Skip to Main Content

Chih-Chi Andrew Hu, Ph.D.

Chih-Chi Andrew Hu, Ph.D.

Laboratory

The Hu Laboratory

Contact

215-495-6976
chu@wistar.org

Associate Professor, Immunology, Microenvironment & Metastasis Program

About the Scientist

Hu's research interests include the analysis of the mechanisms of B cell development and B cell cancer formation. He investigates endoplasmic reticulum-associated stress signaling molecules, which play important roles in the quality control of secretory and integral membrane proteins. Hu is especially interested in knowing how B cell cancers employ these signaling molecules to work in favor of their survival, spreading and chemoresistance in response to therapies. These signaling molecules may also play a role in tumor development in other organs, and are being evaluated in melanoma and other tumor types. Hu and his lab take biochemical, cell biological, and immunological approaches to study these questions in mouse tumor models and human cancer cells.

Hu received his M.S. in cancer biology at National Sun Yat-Sen University in Taiwan and his M.S. and Ph.D. at New York University School of Medicine. Prior to joining Wistar, he was an Assistant Member at H. Lee Moffitt Cancer Center and Research Institute in Tampa.

View Publications

The Hu Laboratory

The Hu laboratory studies endoplasmic reticulum (ER), which has critical functions in lipid synthesis, calcium storage and drug metabolism. The ER also contains complex machineries to fold, assemble, transport or – as the need arises - destruct many vital integral membrane growth receptors and secretory proteins. The Hu lab strives to better understand he complexity of the ER functions.

Staff

Postdoctoral Fellows

Andong Shao, Ph.D.
Anthony Tang, M.D., Ph.D.

Research Assistants

Shiun Chang
Judy Chen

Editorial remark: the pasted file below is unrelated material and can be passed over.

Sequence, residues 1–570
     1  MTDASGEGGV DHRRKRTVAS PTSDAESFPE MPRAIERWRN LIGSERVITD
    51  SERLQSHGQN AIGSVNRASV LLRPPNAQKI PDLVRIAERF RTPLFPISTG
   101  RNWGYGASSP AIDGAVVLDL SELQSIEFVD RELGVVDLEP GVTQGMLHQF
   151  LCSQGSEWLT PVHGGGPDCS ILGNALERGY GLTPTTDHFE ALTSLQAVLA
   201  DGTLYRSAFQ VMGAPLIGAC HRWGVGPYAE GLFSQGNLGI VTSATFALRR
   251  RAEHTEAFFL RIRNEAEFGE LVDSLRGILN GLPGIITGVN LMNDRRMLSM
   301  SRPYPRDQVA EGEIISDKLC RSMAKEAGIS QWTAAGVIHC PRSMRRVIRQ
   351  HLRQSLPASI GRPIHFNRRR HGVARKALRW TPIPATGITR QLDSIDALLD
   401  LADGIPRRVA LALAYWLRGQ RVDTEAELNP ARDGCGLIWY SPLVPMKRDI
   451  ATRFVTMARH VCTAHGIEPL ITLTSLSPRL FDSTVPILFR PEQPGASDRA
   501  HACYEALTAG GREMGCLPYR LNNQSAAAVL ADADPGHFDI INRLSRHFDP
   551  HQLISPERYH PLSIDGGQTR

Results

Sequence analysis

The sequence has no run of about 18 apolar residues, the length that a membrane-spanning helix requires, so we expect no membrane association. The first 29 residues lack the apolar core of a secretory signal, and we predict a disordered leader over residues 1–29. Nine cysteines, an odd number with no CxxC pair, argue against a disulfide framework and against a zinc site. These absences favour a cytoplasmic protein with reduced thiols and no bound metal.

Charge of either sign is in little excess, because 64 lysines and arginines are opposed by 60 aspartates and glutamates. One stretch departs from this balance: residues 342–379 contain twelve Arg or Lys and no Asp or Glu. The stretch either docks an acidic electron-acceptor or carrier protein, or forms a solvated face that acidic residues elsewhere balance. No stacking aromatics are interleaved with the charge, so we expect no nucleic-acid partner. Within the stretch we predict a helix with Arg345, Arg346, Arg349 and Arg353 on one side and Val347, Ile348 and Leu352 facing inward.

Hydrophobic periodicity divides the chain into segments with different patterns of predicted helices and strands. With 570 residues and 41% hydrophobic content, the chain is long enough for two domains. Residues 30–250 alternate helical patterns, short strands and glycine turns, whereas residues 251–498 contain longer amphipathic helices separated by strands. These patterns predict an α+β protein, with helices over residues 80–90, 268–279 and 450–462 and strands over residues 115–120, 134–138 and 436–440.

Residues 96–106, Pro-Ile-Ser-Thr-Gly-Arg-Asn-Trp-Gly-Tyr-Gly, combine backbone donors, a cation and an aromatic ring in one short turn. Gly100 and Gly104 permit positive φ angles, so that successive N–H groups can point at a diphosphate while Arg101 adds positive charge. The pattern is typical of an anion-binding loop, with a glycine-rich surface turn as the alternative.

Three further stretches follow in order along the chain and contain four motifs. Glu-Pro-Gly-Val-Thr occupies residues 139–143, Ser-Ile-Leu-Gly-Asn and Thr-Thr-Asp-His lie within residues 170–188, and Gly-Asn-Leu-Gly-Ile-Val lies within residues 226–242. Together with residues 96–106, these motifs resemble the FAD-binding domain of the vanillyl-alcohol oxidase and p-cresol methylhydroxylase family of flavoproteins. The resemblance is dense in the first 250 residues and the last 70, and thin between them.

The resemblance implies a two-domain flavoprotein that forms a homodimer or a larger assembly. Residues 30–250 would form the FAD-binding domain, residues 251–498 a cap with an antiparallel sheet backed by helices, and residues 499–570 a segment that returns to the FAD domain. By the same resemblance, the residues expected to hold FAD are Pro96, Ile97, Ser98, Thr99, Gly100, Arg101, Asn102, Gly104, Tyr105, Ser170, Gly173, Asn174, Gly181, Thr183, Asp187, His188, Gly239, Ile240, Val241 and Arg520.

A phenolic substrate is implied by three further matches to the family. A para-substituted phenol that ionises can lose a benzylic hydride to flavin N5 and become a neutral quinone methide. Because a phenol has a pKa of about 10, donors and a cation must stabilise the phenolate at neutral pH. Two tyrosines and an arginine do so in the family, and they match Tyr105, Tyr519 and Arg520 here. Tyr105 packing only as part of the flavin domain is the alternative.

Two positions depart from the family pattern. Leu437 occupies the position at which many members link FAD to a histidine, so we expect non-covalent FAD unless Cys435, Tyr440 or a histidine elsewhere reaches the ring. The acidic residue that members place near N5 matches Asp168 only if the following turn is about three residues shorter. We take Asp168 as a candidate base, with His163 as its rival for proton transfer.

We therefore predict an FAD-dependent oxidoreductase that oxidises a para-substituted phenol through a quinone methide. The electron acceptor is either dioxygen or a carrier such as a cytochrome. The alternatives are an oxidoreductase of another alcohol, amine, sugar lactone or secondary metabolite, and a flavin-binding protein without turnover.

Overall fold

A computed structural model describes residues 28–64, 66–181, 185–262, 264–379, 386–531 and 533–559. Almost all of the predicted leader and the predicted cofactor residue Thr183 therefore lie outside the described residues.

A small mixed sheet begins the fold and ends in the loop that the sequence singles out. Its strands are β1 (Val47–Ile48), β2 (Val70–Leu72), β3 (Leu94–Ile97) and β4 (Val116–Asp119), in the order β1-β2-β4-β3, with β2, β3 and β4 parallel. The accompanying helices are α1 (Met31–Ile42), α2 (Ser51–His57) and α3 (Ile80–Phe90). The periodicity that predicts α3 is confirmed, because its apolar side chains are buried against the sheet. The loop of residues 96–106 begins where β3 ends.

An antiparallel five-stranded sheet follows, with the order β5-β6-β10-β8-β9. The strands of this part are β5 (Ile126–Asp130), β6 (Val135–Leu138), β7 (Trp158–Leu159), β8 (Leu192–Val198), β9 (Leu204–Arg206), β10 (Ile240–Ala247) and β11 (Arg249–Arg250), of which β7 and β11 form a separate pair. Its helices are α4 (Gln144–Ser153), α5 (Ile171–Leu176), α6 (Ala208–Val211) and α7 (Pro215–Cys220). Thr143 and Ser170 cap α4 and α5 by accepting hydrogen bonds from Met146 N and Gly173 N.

Research

The Hu lab studied the ER functions in B cells because differentiated B cells produce a dramatically expanded ER for the production and secretion of antibodies to fight infections. Misfolded antibodies are unavoidable byproducts in the ER upon massive production of antibodies, and they were believed to activate the XBP-1 transcription factor, which was arguably one of the most important factors in correcting protein misfolding problems and expanding the size of the ER. Thus, Hu's lab chose XBP-1 to peek into the biology of the ER. Our initial pursuit of the function of XBP-1 led to surprising conclusions that XBP-1 is not activated by misfolded antibodies and XBP-1 plays minimal role in correcting misfolded proteins in B cells. These conclusions were reached by disabling B cells of their capability in making antibodies and by deleting the XBP-1 gene from the B cells. Further investigation by the lab suggested that XBP-1 is activated by differentiation cues. This work revealed new roles for XBP-1 in regulating signal transduction through the B cell receptor; in regulating the expression of important transcription factors in B cells; in maintaining proper lipid synthesis and protein glycosylation in B cells; and in colonization of stimulated B cells into the bone marrow for sustention of antibody production.

Inspired by XBP-1’s roles in maintaining a homeostatic ER, the lab began to examine the role of XBP-1 in B-cell leukemia whose progression does not require dramatic ER expansion like that in multiple myeloma. The lab chose to use the TCL1 mouse model to study B-cell leukemia because ~90 percent of human chronic lymphocytic leukemia (CLL) patients express the TCL1 protein, and the overexpression of TCL1 in B cells leads to the development of CLL in mice. We showed that TCL1 oncoprotein associates with XBP-1 and turns on vital ER proteins to support leukemic growth. When the function of XBP-1 is genetically deleted in TCL1 mice, significantly slower leukemic progression is observed. The lab further developed inhibitors to target the expression of XBP-1 and established that blocking the expression of XBP-1 by specific small-molecule chemical inhibitors can stall malignant progression of leukemia in mice and induce apoptosis in primary human leukemic cells. Currently, the Hu lab continues to analyze the functions of ER proteins in malignant progression of leukemia using novel mouse models, in which we selectively deleted genes that encode critical ER-resident proteins that support the growth and survival of leukemia. The Hu lab is also generating new mouse models to expand the breadth of our investigation. The ultimate goal of this work is to contribute to the design of effective therapeutic approaches that target dysregulated ER functions for patients with leukemia and other malignancies.

Specific laboratory projects:

  • Investigate IRE-1-interacting proteins to further understand how targeting the IRE-1/XBP-1 pathway can lead to stalled progression of CLL
  • Investigate the roles of protein antigen and Toll-like receptor ligands in activating the ER stress response to promote leukemic progression
  • Investigate the roles of protein misfolding in B-cell leukemia